Many Americans whose memories reach back to the Dark Ages of Gulf War 1 remember the "incubator babies" story: according to a weepy testimony of a Kuwaiti "nurse," Saddam Hussein's soldiers threw newborn babies out of incubators in a Kuwaiti hospital and left them to die. The "discovery" so outraged the American public, it helped generate public support for turning "Desert Shield" (originally sold as protection of Saudi Arabia from a phantom Iraqi attack) into "Desert Storm."
There was only one problem with the story: none of it was true.
The weepy nurse was actually the daughter of the Kuwaiti ambassador to the U.S., carefully coached by PR firm Hill & Knowlton, which had cooked up the hoax. The American public opinion had been taken for a ride, and the result was thousands of dead Iraqis, burning oil wells - and a Short Victorious War for Bush the Elder. In the 12 years between "Desert Storm" and "Iraqi Freedom," the near-total blockade of Iraq imposed by the UN at U.S. insistence reportedly killed half a million Iraqi children. Madeleine Albright, U.S. Ambassador to the UN and later Secretary of State, said that mass murder was "worth it."
A dozen fictitious Kuwaiti babies, invented by an American PR firm, were used to kill half a million real children - and that's not counting the deaths following the March 2003 invasion and the subsequent occupation of Iraq. Those civilian deaths have been estimated at anywhere from 18,000 to 100,000, and growing daily.
There hasn't been any real soul-searching about this; people do not want to confess to being fooled. So of course, it happens again, and again, and again... "Weapons of mass destruction," anyone? Anyone at all?
So it should come as a shock to learn that there were babies who died in their incubators, but who had the misfortune of being born on the wrong side, of the wrong nationality. They didn't have Hill & Knowlton publicizing their plight - but rather working to bury it, alongside another PR firm, Ruder Finn.
In the spring of 1992, when the government of Alija Izetbegovic declared independence of Bosnia-Herzegovina and civil war erupted throughout this former Yugoslav republic, the maternity hospital in Banja Luka ran out of oxygen for their incubators. The region was cut off from any friendly territory; there was no way to bring in the oxygen. Twelve babies died. This fact, well-known in Bosnia, is virtually unknown in the West. A Google search reveals only three mentions of it, two in ICTY transcripts.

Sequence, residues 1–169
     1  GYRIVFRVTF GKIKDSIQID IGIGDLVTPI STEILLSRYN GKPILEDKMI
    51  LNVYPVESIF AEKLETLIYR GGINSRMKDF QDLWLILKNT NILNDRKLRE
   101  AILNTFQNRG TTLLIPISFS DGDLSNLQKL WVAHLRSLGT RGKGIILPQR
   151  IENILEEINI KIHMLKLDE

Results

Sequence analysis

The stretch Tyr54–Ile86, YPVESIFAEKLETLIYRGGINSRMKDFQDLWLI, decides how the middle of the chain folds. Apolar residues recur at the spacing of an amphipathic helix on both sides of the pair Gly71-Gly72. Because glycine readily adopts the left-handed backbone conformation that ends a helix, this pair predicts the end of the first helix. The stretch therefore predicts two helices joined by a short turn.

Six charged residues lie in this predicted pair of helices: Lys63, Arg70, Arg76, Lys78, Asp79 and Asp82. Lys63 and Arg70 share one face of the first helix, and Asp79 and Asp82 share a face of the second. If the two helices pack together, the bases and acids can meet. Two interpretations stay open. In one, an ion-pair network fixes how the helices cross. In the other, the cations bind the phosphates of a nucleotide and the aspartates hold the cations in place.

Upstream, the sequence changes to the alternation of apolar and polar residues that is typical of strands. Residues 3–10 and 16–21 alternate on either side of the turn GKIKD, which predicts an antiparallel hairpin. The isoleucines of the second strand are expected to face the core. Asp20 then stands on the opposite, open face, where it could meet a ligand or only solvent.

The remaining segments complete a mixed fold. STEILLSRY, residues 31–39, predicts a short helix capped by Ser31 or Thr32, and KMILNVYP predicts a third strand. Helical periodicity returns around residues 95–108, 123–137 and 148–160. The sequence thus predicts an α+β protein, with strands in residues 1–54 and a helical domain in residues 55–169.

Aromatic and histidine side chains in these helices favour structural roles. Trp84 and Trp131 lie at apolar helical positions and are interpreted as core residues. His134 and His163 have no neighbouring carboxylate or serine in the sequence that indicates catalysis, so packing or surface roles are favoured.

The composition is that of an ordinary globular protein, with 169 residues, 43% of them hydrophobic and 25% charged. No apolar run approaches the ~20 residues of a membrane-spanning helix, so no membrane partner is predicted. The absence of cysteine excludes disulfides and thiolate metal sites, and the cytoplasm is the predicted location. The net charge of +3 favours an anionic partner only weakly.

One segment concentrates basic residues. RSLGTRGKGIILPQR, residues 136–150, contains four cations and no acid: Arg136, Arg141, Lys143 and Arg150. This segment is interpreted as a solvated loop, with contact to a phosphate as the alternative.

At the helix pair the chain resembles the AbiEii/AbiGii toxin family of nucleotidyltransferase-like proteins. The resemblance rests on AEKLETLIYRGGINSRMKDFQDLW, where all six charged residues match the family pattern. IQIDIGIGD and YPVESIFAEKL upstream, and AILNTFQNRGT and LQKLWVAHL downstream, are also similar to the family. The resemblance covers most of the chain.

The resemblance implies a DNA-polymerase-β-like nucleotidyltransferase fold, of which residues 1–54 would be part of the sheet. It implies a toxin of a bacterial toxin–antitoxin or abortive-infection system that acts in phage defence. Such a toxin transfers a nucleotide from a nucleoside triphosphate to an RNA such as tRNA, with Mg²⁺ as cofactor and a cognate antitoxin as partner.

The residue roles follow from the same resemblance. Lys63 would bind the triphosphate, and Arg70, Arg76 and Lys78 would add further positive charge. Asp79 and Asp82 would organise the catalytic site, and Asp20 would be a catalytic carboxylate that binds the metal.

Then in mid-February, a Serbian paper published an appeal: save Sladjana Kobas, the 13th baby! Apparently, not all the babies in Banja Luka died. One managed to survive. Now she has bone cancer, which has already spread to her lungs (weakened by the incubator damage, along with her eyesight). Doctors everywhere told her she might live, but had to lose a leg. Only a hospital in Florida said the leg could be saved. After the appeal, a big fundraising drive in Serbia secured the $100,000 needed to get Sladjana to Florida. But they could not get her a U.S. visa.
The U.S. Embassy in Belgrade says it sympathizes with the Kobas family, and is doing everything within the law to help. But Sladjana has already missed her window; according to her father, saving her leg is no longer an option. The cancer has advanced too far.
For 13 years, Sladjana Kobas has been a living reminder of the real incubator babies, a story no one in the West wanted to hear. Slim as her chances are, they were worse in the spring of 1992. She survived then, and here's to hope that she will survive now. Maybe that's impossible in this world of rules, regulations and politically expedient propaganda. But it would be justice.
Post scriptum: Sladjana Kobas passed away on February 10, 2006.